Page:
view of the context, (2) identify constraints and opportunities, (3) consider feedstock suitable to the context, (4) evaluate and deploy design, (5) monitor outcomes, and (6) adjust as needed (Fig. 1). These steps should be implemented in view of the principles discussed previously on conservation of services, context specificity, and adaptive management. This approach requires stakeholder engagement at all stages of the process and builds from adaptive management principles in that the initial plan is adjusted as learning occurs. The unique features of landscape design are the scale, spatial considerations, inclusion of diverse stakeholders, and up-front thinking about multiple uses and services over time. McCormick et al. proposed similar steps for planning locations of bioenergy feedstock plantations including (1) screening, (2) assessment and consultation at national or provincial levels, (3) detailed site-level planning, and (4) implementation of responsible land management practices [29]. Sayer et al. evaluate how a landscape perspective reconciles agriculture, conservation, and other land uses [15]. In a similar vein of thought, our approach allows consideration of the entire bioenergy supply system.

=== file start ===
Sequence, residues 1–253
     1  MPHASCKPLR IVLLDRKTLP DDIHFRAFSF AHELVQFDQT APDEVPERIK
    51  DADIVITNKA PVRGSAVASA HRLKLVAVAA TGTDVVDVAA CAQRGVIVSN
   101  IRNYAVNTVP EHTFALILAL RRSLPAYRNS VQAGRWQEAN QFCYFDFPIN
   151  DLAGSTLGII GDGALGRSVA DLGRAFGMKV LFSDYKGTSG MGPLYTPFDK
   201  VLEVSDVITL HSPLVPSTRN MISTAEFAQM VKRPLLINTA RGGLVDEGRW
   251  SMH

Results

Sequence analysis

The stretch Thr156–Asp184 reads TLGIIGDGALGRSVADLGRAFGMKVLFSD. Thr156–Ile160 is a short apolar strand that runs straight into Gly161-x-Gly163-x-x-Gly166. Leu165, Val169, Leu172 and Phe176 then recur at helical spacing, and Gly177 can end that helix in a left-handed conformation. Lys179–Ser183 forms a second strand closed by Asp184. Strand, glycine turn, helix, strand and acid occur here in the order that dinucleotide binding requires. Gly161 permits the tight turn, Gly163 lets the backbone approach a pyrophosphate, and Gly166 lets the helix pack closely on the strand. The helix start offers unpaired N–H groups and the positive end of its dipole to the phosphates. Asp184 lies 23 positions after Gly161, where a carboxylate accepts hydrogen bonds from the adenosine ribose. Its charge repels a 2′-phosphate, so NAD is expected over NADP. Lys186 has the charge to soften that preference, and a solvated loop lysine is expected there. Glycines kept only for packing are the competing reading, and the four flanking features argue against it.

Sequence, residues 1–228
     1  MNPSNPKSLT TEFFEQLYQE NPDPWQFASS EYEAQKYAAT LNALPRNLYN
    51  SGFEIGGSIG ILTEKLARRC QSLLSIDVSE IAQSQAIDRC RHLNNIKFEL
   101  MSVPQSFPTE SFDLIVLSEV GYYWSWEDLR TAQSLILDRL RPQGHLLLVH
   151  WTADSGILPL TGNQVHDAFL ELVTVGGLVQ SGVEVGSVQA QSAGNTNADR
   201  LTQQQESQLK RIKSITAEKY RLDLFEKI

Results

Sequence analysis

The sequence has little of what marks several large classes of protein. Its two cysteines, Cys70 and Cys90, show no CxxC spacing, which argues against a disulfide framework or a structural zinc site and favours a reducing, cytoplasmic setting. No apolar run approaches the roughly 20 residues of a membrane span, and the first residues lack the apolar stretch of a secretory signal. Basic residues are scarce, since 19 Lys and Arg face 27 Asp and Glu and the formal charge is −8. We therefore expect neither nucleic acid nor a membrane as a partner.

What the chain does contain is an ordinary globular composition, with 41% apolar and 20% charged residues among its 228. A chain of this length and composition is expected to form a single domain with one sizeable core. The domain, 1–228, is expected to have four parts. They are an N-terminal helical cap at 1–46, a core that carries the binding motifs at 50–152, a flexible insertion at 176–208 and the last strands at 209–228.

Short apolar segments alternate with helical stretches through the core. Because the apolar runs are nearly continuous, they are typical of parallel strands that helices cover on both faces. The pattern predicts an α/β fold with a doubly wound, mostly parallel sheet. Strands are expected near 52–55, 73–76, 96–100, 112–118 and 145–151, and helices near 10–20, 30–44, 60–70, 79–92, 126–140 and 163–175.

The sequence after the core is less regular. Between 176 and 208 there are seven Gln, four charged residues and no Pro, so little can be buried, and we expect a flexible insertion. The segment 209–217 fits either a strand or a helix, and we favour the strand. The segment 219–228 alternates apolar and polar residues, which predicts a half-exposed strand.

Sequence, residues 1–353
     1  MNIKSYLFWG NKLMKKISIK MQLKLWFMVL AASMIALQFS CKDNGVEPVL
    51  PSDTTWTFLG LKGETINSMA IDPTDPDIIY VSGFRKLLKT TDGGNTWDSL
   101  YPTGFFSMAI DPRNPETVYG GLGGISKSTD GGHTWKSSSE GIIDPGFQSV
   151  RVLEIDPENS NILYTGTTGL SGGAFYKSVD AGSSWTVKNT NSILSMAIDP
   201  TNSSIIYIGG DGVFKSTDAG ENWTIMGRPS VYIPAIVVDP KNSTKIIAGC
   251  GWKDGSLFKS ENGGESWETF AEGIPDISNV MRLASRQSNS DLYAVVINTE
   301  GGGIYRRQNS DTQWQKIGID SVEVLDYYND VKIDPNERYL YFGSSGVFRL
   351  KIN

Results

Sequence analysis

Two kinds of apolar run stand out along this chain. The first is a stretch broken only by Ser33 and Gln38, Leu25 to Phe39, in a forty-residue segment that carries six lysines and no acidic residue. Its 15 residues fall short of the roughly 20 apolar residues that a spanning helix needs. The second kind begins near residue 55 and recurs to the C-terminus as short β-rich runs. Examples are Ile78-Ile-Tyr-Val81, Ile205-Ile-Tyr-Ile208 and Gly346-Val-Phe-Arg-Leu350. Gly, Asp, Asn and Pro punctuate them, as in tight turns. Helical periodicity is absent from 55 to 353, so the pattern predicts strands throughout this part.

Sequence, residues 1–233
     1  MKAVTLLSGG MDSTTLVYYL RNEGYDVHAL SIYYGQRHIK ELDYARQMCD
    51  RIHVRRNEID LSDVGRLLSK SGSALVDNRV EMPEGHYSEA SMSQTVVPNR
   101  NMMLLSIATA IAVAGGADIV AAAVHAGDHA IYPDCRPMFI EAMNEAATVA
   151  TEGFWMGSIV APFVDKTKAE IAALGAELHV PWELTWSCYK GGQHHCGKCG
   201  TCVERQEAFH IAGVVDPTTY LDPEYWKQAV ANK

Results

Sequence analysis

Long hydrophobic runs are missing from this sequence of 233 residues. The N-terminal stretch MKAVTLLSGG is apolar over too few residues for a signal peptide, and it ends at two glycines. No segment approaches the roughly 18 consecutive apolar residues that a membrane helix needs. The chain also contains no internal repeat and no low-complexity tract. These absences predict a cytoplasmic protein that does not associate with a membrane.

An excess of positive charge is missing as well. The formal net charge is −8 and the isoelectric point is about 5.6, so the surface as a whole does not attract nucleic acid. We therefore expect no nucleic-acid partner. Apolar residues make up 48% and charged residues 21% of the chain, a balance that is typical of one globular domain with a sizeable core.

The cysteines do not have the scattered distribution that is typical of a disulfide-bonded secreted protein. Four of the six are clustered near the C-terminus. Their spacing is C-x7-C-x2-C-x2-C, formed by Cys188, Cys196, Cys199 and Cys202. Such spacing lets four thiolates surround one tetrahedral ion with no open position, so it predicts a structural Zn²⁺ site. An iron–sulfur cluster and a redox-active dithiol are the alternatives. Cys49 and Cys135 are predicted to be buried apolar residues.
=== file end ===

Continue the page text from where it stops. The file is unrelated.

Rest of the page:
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Fig. 2. Major components of the biofuel supply chain (adapted from a figure in Dale et al. [63]). Feedstock options include annual and perennial plants; residues from agriculture, forestry, and related industries; and other organic wastes. The choice and management of feedstock is affected by resource conditions, such as the quality and availability of land and water and is typically selected to maximize yield and, thereby, profit but also affects environmental, social and other economic cost and benefits. Feedstock logistics are specific to the particular context [37]. Conversion technologies include direct combustion, thermochemical conversion, and biological conversion processes and the process implemented may influence feedstock selection. Biofuel distribution varies in both its storage type and amount and transport (e.g., via truck, rail, boat, or pipeline). The end use of biofuels varies by the engine type and efficiency as well as blend conditions of the fuel. Beneficial co-products (e.g., distillers grains, corn oil) and waste by-products (e.g., biorefinery effluent) may be created in some stages of the supply chain. Different actors are important in each stage of the supply chain. For example, land owners are the ones making decisions about engagement in feedstock production, whereas energy users decide about engine/burner types and efficiency based on what is available in the market (which is a response to policy and market conditions).